How can Peyton Manning, the ultra-competitive bigger brother, who plays the same NFL position as Eli, not be secretly rooting against him.
I'm not saying Peyton is hoping his brother has a horrible game where he throws multiple interceptions and no TDs and has no chance at winning the game, but he probably found a happy medium.
Say Eli plays very well, passing for over 400 yards and three TDs but ultimately loses in a shootout at the end? I'm sure Peyton would be just fine with that outcome.
But if Eli wins? And he has one more than Peyton? It's over for him.
If I were Eli, I would make sure the second ring was molded into the first one. So this way when he wears the double Super Bowl ring to family functions, it can also work as brass knuckles. Eli can show the ring, then hit him with it, leaving a bruise on Peyton's arm only his double Super Bowl ring can leave.
While we're on the brothers subject, there are these two...
You have to feel sorry for first-year San Francisco 49ers head coach Jim Harbaugh.
He took a 49ers team that was 6-10 just a season before, added no real difference-makers besides Aldon Smith and took them to within a few plays of their first Super Bowl appearance since 1995.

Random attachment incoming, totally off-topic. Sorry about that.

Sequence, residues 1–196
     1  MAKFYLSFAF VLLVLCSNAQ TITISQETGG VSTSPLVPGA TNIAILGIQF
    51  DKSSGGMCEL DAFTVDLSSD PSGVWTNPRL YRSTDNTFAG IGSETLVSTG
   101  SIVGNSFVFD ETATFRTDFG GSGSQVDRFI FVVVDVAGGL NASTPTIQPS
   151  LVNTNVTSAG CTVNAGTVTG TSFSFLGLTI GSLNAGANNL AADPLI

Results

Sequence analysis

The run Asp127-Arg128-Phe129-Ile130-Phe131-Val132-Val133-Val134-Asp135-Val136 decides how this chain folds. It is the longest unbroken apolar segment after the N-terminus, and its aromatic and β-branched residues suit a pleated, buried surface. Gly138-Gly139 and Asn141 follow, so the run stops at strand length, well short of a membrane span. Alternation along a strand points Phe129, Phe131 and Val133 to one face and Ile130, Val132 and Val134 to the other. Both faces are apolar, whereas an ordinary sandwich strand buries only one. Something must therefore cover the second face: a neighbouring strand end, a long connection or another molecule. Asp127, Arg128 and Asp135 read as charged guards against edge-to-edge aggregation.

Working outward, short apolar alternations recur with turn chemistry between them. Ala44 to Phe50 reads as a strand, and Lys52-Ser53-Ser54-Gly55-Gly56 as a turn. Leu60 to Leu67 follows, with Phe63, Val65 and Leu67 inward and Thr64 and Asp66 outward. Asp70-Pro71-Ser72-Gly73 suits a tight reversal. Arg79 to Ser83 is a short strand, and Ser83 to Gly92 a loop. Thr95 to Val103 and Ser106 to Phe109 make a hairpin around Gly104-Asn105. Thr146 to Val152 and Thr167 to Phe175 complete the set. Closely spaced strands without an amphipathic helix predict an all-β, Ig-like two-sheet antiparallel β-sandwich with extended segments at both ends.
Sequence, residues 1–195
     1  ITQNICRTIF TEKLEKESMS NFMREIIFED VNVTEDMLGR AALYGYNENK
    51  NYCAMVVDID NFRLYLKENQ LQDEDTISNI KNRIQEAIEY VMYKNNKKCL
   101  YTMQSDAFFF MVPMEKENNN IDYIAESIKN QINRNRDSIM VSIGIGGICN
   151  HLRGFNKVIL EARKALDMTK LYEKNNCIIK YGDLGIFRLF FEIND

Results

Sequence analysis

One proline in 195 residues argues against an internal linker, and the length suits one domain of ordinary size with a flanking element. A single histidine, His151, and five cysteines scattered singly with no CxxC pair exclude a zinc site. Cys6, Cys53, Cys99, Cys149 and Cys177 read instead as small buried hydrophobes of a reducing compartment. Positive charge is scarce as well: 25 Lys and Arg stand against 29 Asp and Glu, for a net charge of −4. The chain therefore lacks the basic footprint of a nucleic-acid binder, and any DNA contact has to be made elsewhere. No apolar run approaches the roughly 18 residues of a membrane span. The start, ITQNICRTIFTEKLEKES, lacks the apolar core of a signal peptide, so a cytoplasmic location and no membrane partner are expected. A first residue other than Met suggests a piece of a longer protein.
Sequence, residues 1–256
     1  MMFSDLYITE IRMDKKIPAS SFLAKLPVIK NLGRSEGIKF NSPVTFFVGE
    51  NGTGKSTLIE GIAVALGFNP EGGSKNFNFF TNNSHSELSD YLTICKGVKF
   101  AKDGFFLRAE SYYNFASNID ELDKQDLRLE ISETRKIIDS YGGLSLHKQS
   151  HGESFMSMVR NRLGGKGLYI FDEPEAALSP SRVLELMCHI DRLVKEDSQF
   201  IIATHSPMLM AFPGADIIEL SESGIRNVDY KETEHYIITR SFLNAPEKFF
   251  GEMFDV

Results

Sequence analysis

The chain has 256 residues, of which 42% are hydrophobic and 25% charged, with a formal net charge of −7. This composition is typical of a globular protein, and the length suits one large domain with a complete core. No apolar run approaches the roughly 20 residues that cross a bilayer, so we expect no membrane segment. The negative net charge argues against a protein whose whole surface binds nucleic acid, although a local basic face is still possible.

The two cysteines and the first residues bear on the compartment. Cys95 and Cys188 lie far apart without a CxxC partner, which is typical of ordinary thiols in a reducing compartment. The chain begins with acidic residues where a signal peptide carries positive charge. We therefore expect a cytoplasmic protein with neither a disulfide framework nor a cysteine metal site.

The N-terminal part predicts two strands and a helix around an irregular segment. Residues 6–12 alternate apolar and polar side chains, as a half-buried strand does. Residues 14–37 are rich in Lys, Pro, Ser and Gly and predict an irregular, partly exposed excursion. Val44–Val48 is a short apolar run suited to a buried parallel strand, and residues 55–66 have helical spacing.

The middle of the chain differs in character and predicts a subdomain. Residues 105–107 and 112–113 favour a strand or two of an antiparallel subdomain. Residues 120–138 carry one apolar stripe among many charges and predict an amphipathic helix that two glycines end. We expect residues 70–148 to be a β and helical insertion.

On the way to doing this, he transformed a defense that ranked 13th overall in 2010 into a defense that ranked fourth overall this season.
He also took Alex Smith—thought to be bust—and made him a legitimate NFL QB. Under Harbaugh, Smith threw for a career high in yards and was intercepted just five times while he raised his QB rating from 82.1 to 90.7.
The 49ers are a relatively young team and should be able to make it back to an NFC Championship game to get another shot at a Super Bowl, but no one ever knows in the NFL.
Dan Marino was sure he would get back there, too, and look what happened him.
Jim's brother, John, on the other hand...
"DAMN YOU LEE EVANS, HOLD ON TO THE BALL! WE COULD HAVE WON! Ahh, forget it, it's ok, we'll get them in OT! DAMN YOU BILLY CUNDIFF! HOW DO YOU MISS THAT! IT WAS FROM 32 YARDS! 32 F****ING YARDS! 32 YARDS! DAMMIT!!"
That was what I imagined was coming out of the mouth of Baltimore Ravens head coach John Harbaugh as time ticked off the clock during the AFC Championship game.
With most of Baltimore's defense getting older and slower, it is not the powerful unit it once was. Ray Lewis and Ed Reed are both shells of their former dominant selves and will not last much longer unless they find the fountain of youth.
That's what made the AFC Championship game against the New England Patriots so important. It may have been the last shot with this core group together before the Ravens start rebuilding.
The game was theirs for the taking, as they held Tom Brady to 239 passing yards, intercepted him twice and for the first time in 36 games, he failed to throw a TD pass.